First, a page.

• Wind energy. In December 2014 federal regulators issued leases for the development of offshore wind turbines in waters 10 nautical miles east of Ocean City, Maryland. With turbine towers sitting atop pilings sunk into the ocean floor, will the noise from survey work and construction drive away or harm game fish? Will it affect the migrations and behavior of marine mammals such as dolphins and endangered right whales? Federal agencies are evaluating these risks, and University of Maryland researchers are gathering information that could help answer these questions (see Whale Watching, Beneath the Waves). In addition, Defense Department officials have voiced worries that offshore wind and oil energy facilities will interfere with naval exercises and training off the Mid-Atlantic coast.

  • Commercial and recreational fishing. Fishing is an important business in the Mid-Atlantic, so potential conflicts in the coastal zone could affect harvests, earnings, and jobs. In 2012, commercial landings in the Mid-Atlantic totaled $488 million. In Maryland alone, the recreational fishing industry reported that $637 million in sales helped support 5,683 jobs.

  • Climate change. Trends in ocean conditions are already altering the habitats of commercially valuable fish. The Northeast Fisheries Science Center, part of the National Oceanic and Atmospheric Administration, has reported that warming temperatures led half of 36 Mid-Atlantic fish stocks to shift their range northward over past decades in search of cooler water. Fisheries could also be affected as ocean water grows more acidic, an effect of increasing carbon dioxide in the atmosphere. This acidity could weaken the hard skeletons that make up deep-sea corals, which provide important habitat for fish species and other creatures.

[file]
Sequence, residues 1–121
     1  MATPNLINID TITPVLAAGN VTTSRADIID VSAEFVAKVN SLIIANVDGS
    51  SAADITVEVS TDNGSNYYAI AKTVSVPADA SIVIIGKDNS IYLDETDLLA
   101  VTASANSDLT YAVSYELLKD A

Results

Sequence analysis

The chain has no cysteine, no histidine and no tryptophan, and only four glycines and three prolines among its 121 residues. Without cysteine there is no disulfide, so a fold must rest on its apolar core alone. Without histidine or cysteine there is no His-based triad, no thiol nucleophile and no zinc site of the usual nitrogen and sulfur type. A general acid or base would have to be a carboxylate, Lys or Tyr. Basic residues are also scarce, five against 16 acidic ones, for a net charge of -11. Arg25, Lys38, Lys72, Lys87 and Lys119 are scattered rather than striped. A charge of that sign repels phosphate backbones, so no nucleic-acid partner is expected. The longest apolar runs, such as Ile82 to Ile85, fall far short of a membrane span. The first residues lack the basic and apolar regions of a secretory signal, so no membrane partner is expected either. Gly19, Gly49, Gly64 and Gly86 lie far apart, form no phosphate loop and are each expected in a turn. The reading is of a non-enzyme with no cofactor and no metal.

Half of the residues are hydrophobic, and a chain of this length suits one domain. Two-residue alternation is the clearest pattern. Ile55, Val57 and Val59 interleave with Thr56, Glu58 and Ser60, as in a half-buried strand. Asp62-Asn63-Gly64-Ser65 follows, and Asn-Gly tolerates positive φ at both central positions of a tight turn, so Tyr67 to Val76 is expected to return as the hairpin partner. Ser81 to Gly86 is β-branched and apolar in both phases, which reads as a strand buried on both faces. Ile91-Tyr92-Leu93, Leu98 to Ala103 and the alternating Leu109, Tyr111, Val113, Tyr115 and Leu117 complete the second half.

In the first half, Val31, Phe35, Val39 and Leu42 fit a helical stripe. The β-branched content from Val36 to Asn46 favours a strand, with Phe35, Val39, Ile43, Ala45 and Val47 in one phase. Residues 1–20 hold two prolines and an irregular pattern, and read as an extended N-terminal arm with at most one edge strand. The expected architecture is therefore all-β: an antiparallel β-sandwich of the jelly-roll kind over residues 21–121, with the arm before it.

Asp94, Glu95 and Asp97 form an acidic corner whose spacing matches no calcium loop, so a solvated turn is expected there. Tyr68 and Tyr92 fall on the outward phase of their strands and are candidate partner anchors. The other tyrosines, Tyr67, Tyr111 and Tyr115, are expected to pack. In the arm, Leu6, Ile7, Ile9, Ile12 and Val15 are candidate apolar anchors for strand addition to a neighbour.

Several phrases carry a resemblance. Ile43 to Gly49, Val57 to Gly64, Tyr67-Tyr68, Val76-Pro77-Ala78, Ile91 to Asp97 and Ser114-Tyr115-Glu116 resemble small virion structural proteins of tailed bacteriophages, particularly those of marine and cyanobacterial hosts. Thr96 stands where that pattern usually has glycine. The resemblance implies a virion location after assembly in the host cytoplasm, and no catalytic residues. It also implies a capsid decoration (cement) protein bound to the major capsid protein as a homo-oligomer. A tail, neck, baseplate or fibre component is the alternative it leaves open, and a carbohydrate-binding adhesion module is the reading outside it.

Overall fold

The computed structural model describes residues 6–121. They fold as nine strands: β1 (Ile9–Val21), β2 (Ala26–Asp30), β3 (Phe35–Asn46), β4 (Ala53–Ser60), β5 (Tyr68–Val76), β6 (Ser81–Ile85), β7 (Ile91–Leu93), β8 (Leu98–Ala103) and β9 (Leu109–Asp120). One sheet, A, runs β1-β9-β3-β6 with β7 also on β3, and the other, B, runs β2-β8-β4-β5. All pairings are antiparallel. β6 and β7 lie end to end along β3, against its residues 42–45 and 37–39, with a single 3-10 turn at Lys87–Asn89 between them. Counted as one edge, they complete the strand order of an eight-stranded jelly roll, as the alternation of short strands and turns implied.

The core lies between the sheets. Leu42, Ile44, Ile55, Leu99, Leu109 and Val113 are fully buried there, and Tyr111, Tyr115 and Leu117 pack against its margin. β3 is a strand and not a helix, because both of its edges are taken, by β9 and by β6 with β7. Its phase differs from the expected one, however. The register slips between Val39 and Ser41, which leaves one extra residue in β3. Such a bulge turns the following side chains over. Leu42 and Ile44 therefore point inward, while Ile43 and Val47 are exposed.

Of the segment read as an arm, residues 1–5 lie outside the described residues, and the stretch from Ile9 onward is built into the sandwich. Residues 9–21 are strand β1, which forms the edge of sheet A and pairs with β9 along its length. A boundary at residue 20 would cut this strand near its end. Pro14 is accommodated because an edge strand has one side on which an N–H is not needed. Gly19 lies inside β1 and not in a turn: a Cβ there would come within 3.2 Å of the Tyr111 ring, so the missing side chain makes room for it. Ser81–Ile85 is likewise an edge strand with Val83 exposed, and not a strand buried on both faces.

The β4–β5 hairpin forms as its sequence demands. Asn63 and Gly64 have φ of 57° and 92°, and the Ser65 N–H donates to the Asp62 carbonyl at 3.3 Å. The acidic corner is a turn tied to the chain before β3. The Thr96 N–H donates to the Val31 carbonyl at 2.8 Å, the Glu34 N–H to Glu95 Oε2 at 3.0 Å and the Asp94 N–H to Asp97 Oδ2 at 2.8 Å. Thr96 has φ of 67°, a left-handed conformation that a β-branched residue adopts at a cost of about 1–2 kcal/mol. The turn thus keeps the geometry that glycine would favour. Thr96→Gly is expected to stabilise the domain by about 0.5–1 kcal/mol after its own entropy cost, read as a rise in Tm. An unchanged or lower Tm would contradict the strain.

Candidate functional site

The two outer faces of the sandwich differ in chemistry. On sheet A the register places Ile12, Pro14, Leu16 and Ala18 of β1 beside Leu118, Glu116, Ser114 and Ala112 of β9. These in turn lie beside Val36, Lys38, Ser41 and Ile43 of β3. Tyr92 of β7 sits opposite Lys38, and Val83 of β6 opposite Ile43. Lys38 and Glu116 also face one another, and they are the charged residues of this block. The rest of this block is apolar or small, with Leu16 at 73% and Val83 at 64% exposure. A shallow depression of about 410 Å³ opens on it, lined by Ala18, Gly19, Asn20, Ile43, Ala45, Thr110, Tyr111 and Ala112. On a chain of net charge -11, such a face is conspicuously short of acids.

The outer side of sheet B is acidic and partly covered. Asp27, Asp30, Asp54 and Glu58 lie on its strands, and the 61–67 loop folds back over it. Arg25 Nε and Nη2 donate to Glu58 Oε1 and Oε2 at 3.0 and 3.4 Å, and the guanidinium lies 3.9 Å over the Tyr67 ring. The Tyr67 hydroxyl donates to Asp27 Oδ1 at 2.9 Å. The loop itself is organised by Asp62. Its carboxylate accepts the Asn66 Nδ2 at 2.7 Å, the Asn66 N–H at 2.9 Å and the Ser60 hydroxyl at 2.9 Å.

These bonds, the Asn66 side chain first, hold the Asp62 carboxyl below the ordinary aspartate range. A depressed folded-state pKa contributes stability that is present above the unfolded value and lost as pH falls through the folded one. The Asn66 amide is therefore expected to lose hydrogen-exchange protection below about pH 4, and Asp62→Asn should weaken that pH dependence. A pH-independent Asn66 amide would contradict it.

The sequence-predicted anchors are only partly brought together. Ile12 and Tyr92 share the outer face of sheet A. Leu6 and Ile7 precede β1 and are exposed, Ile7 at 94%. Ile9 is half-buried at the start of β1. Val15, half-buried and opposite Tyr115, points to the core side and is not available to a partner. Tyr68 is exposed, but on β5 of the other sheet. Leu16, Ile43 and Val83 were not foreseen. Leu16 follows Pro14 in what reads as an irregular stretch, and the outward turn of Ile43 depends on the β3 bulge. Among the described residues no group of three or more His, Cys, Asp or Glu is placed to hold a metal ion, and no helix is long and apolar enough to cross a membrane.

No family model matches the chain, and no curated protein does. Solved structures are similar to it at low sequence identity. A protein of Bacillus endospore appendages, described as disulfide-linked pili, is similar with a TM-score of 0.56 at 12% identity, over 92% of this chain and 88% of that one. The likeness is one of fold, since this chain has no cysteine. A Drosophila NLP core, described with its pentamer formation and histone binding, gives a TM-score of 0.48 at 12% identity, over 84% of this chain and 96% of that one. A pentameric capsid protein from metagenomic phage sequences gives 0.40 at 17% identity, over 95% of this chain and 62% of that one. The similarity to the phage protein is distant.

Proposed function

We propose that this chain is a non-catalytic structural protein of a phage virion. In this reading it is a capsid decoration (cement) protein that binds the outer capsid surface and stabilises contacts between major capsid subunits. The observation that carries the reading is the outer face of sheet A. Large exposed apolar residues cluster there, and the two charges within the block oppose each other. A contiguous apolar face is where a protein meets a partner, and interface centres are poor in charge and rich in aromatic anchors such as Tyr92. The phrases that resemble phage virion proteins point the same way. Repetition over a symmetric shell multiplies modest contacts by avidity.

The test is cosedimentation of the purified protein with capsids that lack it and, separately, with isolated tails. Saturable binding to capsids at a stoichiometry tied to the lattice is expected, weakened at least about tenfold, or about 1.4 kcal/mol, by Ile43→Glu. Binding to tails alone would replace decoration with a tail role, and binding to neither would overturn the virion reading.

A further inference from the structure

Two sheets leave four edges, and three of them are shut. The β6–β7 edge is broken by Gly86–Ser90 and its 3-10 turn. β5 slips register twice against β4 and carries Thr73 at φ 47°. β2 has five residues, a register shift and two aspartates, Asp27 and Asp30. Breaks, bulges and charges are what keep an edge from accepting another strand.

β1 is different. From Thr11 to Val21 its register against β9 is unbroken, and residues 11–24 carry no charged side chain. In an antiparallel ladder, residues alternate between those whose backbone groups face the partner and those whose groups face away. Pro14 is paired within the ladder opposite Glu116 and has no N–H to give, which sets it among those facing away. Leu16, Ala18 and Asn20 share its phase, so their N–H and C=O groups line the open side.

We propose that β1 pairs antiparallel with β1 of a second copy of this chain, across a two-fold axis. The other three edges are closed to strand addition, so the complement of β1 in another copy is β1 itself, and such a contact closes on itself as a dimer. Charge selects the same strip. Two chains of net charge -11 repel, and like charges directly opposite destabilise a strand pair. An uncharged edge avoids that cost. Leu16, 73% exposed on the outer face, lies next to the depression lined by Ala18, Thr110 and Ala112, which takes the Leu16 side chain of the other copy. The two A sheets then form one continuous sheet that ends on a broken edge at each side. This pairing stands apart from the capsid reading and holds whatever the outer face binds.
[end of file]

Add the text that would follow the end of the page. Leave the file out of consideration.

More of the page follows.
• Shipping traffic and navigation. The Panama Canal is currently being widened and deepened to allow access by new cargo ships that are larger and carry more freight than existing vessels do. That change is expected to increase traffic to and from East Coast ports, like Baltimore, that are retrofitting their docks and other facilities to serve these large vessels.

In recent years, government, academic, and non-profit organizations have been considering how best to manage these environmental effects and conflicts in use. Many of the management decisions will be made by federal agencies, like the Bureau of Ocean Energy Management, which have the lead role and jurisdiction in managing much of the Mid-Atlantic's coastal zone.

Now a group called the Mid-Atlantic Regional Planning Body is leading a new effort to improve planning and coordination among the many federal and state agencies and other organizations that share an interest in this coastal zone. In 2010, the Obama administration established a National Ocean Policy that called for this planning at the regional level. The planning body, formed in 2013 to create a new regional framework for this work, is scheduled to release a draft Ocean Action Plan for public comment in summer 2016 and to finalize it later in the year. The hope is that this and other efforts will help to balance uses and conservation of natural resources in our ocean zone next door.

— Jeffrey Brainard

Come High Water cover
Chesapeake Quarterly and Bay Journal teamed up in 2014 to produce a series of articles about sea level rise, coastal flooding, and the Chesapeake Bay. Articles appeared in both print and online. This 72-page, full-color report compiles this content along with a new foreword to offer a comprehensive look at the subject. Download a pdf of the report here.

We invite you to read our blog, On the Bay, for frequent updates and analysis about environmental science and coastal issues involving the Chesapeake Bay and Maryland's coasts.

If you study, manage, or care about protecting the Bay ecosystem, we think you will find a lot to interest you. See the latest posts here.